It mattered not whether we won or lost – not even how we played the game. What mattered was only, given the frequent rains of spring and early summer, that we got to play.
I wasn’t the fastest runner in the Holmes County 8-to-12-year-old league. Not only am I overendowed with avoirdupois, my legs are so short that my cargo pants have shin pockets, not thigh pockets.
Nevertheless, I managed to be the league’s version of Maury Wills, besting all others in base stealing. (Lou Brock and Rickey Henderson hadn’t been invented yet.)
One might chalk my success up to the eternal optimism of 11-year-old second basemen – or maybe just their near-universal ignorance of the laws of physics.
It wasn’t hard to get on base frequently. It wasn’t so much that I was a great hitter as that, with a vertically narrowed strike zone and an oversized target for hit-batsman walks, I gathered more than my share of free passes to first.
Leads were illegal, so I’d dutifully maintain my position on base until the ball left the pitcher’s hand, then lumber toward second. The catcher could have autographed the baseball before throwing it and still gotten ahead of me.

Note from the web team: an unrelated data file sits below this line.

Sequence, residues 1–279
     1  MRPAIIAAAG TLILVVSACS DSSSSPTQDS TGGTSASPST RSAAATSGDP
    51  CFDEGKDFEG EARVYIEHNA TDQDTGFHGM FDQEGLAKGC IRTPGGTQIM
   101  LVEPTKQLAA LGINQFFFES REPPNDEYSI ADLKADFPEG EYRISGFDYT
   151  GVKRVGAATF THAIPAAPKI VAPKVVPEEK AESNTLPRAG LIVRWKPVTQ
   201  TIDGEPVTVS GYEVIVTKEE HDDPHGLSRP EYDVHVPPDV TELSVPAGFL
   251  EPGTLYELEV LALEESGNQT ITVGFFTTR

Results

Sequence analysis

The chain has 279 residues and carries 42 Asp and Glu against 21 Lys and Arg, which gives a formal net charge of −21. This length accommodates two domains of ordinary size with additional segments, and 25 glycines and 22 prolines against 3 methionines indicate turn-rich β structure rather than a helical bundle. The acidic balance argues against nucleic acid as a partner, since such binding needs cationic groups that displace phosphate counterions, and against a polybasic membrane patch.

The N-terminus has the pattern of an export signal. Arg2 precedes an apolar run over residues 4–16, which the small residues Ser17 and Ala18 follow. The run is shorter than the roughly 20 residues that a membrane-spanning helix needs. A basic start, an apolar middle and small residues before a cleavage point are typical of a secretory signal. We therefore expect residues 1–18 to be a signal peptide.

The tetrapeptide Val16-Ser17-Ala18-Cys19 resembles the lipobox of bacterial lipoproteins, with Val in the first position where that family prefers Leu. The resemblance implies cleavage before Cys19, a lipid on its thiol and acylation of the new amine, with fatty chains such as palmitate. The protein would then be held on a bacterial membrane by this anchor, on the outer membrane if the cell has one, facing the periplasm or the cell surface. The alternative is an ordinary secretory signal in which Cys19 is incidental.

The baseman could catch the ball, wind his watch, scratch a variety of itches and have time left to make the tag.
But the baseline belongs to the runner, and the infielder was usually in it. I wasn’t intentionally aggressive, but the second baseman invariably stood between where I was and where I needed to be, leaving me no choice but to lower my shoulder and demonstrate the fallacy of the “immovable object” theory.
Most basemen dropped the ball on the first backward somersault, but a few held on until their second revolution. Still, when the ball hits the ground, the runner is safe, so my title was inevitable.
For road games in Lexington, we’d load up in Charlotte Wynne’s station wagon and tell jokes the whole way. On the longer rides to Cruger, we’d count outhouses on Tchula’s main drag. Stopping at Fran’s Drive-Inn on the way home was a treasured treat.
The players who take the field today in Oxford will have snazzier uniforms than our faded LuVel Milk shirts. Their coaches are infinitely better paid than John Cauthen, who volunteered because his son was our first baseman, Rusty.
Were I a betting man, though, I would wager that it’s been years since any of those players will have had as much fun as we did back then, before the crack of bat on ball had been replaced by the ping.
Baseball is at its best when you’re a boy.
Contact Oxford Bureau reporter Errol Castens at (662) 281-1069 or email@example.com.